Monday, March 19, 2007


I don't think I'm ready to tackle talking about my trip yet. It was pretty fun, but I am still jetlagged! I've never had such a hard time getting back on US time... usually it is easier for me, but I haven't slept in once since last Sunday. Robin asked me to talk about Norfolk, so I figured I could write a post about my new home. I'll write about my trip to Europe later, although I think that my pictures speak better than I can.

So, Norfolk! First of all, Norfolk isn't quite the American South, but it is close enough to fool the unsuspecting Northerner. On the local news, the anchors speak with the usual "Received American Accent," but when they come to the work "Norfolk," they say Nawf'ck. That is apparently the correct way to pronounce it, and pronouncing the "l" (as one would when saying "folks") will label you as a Northerner. However, Norf'k is also an accepted pronunciation.

Norfolk is part of Hampton Roads, a conglomeration of 7 or 8 cities around where the Chesapeake Bay separates Maryland from Virginia. There are innumerable rivers and inlets and estuaries that separate cities and neighborhoods from each other and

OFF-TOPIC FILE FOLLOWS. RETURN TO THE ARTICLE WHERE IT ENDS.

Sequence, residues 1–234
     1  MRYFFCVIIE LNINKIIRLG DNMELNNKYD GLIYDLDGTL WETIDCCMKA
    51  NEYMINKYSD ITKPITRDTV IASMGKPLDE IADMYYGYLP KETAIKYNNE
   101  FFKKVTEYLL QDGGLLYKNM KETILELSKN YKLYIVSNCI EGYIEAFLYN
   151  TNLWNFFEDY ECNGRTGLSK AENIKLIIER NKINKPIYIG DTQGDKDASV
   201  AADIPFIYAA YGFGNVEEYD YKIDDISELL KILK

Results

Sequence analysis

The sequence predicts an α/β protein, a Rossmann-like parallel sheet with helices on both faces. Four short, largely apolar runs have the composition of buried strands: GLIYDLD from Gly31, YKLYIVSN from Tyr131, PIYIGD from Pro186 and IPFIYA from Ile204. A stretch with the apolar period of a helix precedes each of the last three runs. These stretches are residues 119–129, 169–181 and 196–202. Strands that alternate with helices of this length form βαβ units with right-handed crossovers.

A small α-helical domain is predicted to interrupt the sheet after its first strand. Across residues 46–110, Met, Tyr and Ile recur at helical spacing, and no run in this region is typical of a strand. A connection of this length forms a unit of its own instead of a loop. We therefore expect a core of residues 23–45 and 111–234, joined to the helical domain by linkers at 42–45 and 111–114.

make the weather humid and changeable. The seafood is great, but the air sometimes smells marshy, no matter how far away you think you are from the nearest body of water.

Norfolk is also home to the largest naval base in America. That means that the military has a very strong presence in the city. During the recent midterm elections, all of the political commercials focused on what the other side was doing for military families. Shops advertise "free credit for military families!", and you can't go into a bar without overhearing a conversation
with (or falling into a conversation with) a member of the military. Old Dominion University provides many services for actively serving military and veterans; several of my colleagues fell into working in higher education after 20 years in the Navy.

What's more, Norfolk is a very diverse city, with no race being in the majority (although Whites come close, with 49.2% of the population). This is partly because of the military presence and partly because Norfolk is close to the South. ODU is a diverse campus as well, in part because it draws most of its students from the region.

Downtown Norfolk isn't a bad place to be. When I visited a year ago, it seemed very industrial and boring, but I have discovered that there is a little harbour with a dock that is charmingly situated near a one-stop-shop kind of restaurant/bar/nightclub building. After Ohio, Norfolk is a new slice of Americana. After France, Norfolk is a typically ugly American town with some nice features.

I will say one thing: arriving back from Europe, looking out the plane window at Norfolk rushing closer, I thought, "How glad I am to be here!" I never thought I would feel so happy to be coming back to Nawf'ck.


Geggie said...

I just stumbled across your blog. I just moved to Norfolk last week, although my boyfriend has been here since June. Good luck to you!

Gem said...

Thank you, Geggie! I hope that you settle in to Norfolk as well as we have.